Rating: 5/5 – A Prequel (of sorts) to a Manga Classic.
by ComicSpectrum reviewer Al Sparrow.
Let’s get the obvious out of the way right now – if Akira Toriyama’s name is on it, I’m going to pick it up (and so should you). Few artists have had as profound an influence on those who came after them as Toriyama has had. Dragon Ball alone stands as a manga that caused many a budding creator to pick up their pencils for the first time. So the recent publication of Jaco, the Galactic Patrolman, Toriyama’s latest release, should be an automatic buy for many fans. It basically confirms that no matter how influential your past material has been, your work doesn’t have to end.
And now that the obvious is out of the way, let’s talk about whether or not the book is any good.
Jaco, an overly confident spacefarer, crash lands on earth. With his ship damaged, he finds himself forced to rely on the few humans he meets, each with their own story to tell. Omori is a reclusive old man working on a time machine for a reason best left for you, the reader, to discover. While attempting to repair Jaco’s ship, the pair meet a young woman named Tights, also the bearer of many a secret best left for the individual to discover. The great thing about Toriyama’s books, and perhaps one of his greatest strengths, is creating characters you almost immediately fall in love with. You’ll laugh at their antics, shed a tear at the tragedy behind their stories, and if you’re not careful they’ll become a nice part of your literary life.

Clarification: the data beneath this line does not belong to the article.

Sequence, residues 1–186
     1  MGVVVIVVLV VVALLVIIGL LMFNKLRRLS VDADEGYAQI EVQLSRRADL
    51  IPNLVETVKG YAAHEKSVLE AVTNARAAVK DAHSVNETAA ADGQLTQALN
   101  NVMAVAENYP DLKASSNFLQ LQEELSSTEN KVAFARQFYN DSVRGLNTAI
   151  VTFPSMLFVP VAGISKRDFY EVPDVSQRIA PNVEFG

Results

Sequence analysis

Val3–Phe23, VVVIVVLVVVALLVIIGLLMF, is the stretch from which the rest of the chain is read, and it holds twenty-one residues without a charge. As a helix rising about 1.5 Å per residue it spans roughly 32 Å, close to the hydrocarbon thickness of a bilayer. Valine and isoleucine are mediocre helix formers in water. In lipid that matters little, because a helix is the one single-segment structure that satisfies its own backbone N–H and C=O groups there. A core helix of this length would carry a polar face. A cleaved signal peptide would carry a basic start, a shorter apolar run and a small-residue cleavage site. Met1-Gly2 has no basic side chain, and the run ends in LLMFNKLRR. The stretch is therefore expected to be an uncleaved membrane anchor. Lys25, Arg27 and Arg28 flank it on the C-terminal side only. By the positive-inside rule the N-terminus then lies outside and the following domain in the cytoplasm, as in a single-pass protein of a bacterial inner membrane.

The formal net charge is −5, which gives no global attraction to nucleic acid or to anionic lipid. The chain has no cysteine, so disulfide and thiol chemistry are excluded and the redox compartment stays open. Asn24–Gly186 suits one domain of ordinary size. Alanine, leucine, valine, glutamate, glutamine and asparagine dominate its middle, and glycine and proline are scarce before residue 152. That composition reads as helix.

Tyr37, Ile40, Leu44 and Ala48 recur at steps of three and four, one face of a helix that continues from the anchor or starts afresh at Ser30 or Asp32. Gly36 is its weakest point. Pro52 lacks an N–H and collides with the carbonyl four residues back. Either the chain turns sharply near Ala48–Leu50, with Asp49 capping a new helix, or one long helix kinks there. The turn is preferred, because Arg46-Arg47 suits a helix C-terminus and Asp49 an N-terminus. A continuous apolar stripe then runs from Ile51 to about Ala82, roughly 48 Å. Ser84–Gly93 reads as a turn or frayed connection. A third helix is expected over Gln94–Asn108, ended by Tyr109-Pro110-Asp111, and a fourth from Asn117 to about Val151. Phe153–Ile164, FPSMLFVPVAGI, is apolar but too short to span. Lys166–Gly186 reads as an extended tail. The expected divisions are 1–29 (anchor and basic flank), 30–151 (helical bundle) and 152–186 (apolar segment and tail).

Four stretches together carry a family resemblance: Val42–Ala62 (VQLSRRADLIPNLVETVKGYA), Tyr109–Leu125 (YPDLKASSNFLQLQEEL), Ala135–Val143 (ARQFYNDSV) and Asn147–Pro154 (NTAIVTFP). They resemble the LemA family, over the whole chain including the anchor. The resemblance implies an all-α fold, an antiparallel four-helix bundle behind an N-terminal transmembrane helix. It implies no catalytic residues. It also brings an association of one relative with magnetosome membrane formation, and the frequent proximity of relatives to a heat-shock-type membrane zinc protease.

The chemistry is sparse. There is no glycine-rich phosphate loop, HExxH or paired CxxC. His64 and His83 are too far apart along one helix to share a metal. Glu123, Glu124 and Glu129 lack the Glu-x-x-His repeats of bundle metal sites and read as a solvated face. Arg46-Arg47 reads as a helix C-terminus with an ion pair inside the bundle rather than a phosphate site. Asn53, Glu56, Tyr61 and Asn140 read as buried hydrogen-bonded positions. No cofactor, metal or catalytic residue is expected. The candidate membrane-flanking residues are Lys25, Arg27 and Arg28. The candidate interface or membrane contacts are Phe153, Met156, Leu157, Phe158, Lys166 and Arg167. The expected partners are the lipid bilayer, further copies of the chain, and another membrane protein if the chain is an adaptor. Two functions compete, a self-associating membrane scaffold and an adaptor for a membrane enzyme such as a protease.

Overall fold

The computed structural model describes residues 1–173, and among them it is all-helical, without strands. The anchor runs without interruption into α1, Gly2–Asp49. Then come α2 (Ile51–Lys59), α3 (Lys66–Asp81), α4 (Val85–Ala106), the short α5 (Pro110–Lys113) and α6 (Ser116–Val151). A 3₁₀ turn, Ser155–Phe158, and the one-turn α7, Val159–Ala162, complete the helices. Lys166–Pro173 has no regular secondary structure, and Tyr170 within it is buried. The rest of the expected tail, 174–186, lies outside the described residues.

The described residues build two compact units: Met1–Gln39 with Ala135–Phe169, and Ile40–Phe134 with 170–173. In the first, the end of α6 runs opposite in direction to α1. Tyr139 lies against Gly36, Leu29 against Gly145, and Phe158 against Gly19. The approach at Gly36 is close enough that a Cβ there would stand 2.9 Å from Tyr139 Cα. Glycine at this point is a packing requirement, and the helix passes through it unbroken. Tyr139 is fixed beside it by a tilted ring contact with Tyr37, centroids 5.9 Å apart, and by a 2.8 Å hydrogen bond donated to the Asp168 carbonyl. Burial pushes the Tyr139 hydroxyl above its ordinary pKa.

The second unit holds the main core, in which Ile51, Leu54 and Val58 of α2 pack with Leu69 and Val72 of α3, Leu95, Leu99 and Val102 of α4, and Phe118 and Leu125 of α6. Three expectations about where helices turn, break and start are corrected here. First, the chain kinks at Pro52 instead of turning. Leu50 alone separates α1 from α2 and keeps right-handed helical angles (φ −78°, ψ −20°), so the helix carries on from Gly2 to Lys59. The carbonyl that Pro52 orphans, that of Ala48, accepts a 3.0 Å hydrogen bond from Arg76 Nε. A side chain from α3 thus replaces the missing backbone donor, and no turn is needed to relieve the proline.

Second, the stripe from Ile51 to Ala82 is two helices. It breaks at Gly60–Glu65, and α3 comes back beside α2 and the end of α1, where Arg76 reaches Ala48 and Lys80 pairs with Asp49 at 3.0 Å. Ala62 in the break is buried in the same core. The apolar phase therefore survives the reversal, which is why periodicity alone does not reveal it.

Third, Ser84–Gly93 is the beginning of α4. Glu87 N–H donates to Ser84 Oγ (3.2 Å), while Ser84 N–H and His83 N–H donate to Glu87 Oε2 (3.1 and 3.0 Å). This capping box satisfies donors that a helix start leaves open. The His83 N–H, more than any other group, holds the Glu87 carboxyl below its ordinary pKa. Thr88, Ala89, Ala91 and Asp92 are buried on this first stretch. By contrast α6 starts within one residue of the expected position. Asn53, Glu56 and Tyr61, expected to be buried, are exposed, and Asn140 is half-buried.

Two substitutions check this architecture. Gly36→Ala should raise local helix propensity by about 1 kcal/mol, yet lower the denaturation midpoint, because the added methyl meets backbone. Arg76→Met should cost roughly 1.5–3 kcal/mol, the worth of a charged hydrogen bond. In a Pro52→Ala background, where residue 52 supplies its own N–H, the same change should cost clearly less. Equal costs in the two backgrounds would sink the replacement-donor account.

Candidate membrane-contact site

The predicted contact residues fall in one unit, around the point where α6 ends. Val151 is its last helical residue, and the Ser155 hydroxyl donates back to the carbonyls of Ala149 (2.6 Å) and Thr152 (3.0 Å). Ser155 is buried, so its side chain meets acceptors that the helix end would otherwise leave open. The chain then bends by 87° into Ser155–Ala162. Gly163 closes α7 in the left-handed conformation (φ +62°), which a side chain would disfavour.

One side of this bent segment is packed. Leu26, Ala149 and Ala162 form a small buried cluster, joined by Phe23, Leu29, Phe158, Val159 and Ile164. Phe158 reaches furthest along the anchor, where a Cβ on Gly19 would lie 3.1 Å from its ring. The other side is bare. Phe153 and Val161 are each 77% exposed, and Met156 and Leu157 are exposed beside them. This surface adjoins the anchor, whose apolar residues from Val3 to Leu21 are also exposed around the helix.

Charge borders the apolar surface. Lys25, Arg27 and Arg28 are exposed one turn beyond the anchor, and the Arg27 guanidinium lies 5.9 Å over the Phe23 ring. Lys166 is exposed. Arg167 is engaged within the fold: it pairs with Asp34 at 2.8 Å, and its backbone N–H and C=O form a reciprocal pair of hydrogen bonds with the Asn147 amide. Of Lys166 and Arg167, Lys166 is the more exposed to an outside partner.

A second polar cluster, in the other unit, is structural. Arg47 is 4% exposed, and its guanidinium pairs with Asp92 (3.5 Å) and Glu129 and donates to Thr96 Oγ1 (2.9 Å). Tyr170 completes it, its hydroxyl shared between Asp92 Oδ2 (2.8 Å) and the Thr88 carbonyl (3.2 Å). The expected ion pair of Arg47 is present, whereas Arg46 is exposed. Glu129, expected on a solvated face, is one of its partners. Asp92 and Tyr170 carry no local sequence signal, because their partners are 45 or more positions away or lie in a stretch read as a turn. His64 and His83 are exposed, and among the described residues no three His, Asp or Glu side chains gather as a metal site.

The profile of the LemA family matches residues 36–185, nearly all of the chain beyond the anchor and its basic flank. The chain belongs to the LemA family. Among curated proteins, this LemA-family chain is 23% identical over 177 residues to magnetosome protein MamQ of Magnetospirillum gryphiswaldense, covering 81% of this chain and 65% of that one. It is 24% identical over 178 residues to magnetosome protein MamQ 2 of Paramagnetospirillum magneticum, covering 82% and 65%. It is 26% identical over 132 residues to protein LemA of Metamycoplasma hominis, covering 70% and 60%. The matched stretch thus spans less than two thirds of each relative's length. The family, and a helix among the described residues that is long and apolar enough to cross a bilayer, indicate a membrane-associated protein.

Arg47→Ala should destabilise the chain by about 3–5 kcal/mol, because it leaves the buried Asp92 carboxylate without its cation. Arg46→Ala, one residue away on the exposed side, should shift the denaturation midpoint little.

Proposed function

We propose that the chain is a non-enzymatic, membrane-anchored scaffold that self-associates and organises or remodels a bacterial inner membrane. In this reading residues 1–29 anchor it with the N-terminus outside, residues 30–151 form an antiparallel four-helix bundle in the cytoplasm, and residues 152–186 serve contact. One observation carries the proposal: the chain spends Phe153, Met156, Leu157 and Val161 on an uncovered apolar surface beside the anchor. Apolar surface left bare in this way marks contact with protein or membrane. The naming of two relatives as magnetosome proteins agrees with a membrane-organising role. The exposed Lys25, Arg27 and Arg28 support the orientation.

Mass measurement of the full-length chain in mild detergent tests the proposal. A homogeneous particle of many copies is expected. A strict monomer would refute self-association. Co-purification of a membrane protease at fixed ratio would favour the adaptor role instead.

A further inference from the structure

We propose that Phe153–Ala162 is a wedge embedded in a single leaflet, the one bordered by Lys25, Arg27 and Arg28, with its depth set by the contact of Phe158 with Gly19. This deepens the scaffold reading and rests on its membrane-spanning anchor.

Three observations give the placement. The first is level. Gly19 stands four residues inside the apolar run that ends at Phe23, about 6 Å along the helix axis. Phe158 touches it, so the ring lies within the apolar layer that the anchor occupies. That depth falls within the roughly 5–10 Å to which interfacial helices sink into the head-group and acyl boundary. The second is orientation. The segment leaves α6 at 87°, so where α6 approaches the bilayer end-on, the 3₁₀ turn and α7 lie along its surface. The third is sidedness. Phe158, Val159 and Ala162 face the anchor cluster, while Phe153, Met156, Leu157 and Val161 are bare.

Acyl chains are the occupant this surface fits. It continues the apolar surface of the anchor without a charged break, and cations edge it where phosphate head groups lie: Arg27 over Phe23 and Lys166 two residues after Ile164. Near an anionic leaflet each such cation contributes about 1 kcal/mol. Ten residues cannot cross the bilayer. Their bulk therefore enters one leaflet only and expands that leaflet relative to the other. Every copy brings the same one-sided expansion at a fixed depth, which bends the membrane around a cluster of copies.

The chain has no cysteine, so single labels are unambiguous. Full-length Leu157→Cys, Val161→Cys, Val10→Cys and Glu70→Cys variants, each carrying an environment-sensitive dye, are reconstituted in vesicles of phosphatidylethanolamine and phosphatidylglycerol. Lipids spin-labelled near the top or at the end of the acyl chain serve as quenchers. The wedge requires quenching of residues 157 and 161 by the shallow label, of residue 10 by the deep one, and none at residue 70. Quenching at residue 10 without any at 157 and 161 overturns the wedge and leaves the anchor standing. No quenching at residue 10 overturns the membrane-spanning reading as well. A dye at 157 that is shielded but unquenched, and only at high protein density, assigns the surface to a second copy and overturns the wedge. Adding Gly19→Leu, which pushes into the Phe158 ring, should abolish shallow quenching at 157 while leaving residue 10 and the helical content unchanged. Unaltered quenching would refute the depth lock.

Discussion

The humor, as with the aforementioned Dragon Ball, is unapologetic in its ability to sneak up behind you when you’re not paying attention. When I suggest Toriyama’s work to the uninitiated, their first reaction is usually what they’ve seen from the anime of Dragon Ball Z – two guys standing on a field yelling at each other for half an hour – and that’s a tough stigma to overcome. What usually blows these same people away is just how funny Toriyama’s work is. The jokes fly in unexpectedly (I nearly dropped the book laughing when Tights asked Jaco about how he performs a certain bodily function) and it states what most Toriyama fans already know: If you think it’s just about fighting, you’ve got some reading to do. This book will sit nicely beside Sandland, Cowa, and other great Toriyama one-shots on my shelf.
Sometimes we forget, in the grim and gritty world that comics have become, that they should occasionally be allowed to make us smile, forget our cares, and just enjoy the fantastic wonderment of a world we wish were real. This is the brush Toriyama paints with, and if you’re looking for a good place to start (a bonus story of the origins of Dragon Ball is included), you can’t do much better than Jaco, the Galactic Patrolman. Heck, if you’re just overdue for a smile, you should do yourself a favor and pick it up.
Reviewed by: Al Sparrow
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